Equating Conservative Stances With Segregationist Sentiments
John Roberts: "Lott had declared it was simply a poor choice of words to say the country would be better off had segregationist Strom Thurmond been elected President in 1948. But he'd said almost exactly the same thing 22 years ago, and his voting record against an extension of the Voting Rights Act, the Martin Luther King Holiday, and an African-American judges confirmation suggested to some in his hometown a disturbing pattern."
Unidentified Man: "To put it bluntly, I just think he took his hood off."
-CBS Evening News, December 13.
So Kerry Is No Longer a Liberal...
"They [White House officials] thought they might be able to write him [Senator John Kerry] off as a liberal, Massachusetts Democrat. But that, that title doesn't really apply anymore. And the fact of the matter is, as someone in the White House said to me the other day, this is a guy who is smart, he looks presidential and he has a ton of money."
-NBC White House reporter Campbell Brown on the syndicated Chris Matthews Show, December 8.
And Daschle Is Really a Centrist?
"Massachusetts Senator John Kerry now seems to be the leading voice for a more classically liberal approach. Senator's Joe Lieberman, John Edwards and perhaps even Tom Daschle lean towards the more pragmatic political center."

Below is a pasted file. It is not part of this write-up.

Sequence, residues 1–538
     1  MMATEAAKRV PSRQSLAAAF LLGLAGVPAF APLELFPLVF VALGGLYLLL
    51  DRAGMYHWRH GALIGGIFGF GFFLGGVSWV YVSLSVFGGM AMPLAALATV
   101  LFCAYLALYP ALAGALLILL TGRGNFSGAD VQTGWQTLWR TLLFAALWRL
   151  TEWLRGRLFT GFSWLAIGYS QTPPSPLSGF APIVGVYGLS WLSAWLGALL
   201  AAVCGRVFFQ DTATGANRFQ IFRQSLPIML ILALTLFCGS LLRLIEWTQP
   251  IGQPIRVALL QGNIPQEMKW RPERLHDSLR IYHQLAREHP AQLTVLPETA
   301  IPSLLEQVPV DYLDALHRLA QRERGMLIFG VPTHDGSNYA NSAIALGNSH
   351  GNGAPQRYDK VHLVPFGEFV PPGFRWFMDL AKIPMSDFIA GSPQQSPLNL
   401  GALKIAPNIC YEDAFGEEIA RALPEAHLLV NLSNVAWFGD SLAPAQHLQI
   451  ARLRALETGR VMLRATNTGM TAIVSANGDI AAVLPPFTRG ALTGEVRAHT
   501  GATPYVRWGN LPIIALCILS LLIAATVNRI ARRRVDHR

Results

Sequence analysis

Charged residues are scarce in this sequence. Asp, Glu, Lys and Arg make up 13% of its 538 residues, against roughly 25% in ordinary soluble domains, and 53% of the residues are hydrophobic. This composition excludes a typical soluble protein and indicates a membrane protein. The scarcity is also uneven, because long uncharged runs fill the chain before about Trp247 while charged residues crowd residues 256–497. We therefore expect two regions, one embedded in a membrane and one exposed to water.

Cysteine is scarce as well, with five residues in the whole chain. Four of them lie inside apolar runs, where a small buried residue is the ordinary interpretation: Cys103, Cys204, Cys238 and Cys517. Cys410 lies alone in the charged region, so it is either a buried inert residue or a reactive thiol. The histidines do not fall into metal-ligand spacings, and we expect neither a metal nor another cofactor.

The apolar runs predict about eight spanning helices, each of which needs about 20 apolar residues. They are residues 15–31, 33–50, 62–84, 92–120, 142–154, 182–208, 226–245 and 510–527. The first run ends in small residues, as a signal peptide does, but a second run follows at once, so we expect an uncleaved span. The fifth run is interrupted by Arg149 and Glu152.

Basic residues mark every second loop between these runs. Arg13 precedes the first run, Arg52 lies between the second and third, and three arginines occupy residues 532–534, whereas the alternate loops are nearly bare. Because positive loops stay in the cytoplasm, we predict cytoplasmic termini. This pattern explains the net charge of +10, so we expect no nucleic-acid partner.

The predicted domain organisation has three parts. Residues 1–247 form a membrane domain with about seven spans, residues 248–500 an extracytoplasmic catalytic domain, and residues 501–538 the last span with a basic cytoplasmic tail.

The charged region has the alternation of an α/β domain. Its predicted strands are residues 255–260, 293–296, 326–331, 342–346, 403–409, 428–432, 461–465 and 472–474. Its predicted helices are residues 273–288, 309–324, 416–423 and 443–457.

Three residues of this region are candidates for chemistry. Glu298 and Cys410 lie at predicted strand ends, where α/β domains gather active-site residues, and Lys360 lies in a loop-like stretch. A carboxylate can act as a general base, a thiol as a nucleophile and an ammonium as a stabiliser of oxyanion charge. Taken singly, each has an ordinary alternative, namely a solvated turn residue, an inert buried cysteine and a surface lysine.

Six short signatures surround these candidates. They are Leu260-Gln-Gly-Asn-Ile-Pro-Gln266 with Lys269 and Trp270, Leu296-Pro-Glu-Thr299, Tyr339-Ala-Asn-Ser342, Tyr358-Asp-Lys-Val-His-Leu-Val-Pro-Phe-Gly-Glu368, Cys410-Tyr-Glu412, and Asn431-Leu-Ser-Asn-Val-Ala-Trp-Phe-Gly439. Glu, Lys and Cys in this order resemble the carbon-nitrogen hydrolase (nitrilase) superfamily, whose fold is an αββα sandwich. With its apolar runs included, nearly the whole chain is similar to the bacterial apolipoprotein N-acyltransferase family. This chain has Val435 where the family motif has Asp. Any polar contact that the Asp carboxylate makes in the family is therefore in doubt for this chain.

-MSNBC's David Shuster on Hardball, December 16.
Still Celebrating Gore's Victory
"Tonight former Vice President Al Gore has announced he will not run for President in 2004. The statement puts to rest months of speculation. It is a remarkable decision from the man who won the popular vote in the 2000 election."
-Carole Simpson on ABC's World News Tonight Dec. 15.
Raise In Pay = Pay Cut
"Some federal workers are about to feel the financial crunch. President Bush is freezing part of a scheduled pay raise for most civilian federal workers, citing the national emergency since the September 11th attacks as his reason for taking the action. The President says the cuts will save the country about $13 billion."
-NBC's Don Teague on Today, Nov. 30. Federal workers get a 3.1% pay increase, but not additional locality pay.
Awed by the Greatness of Jimmy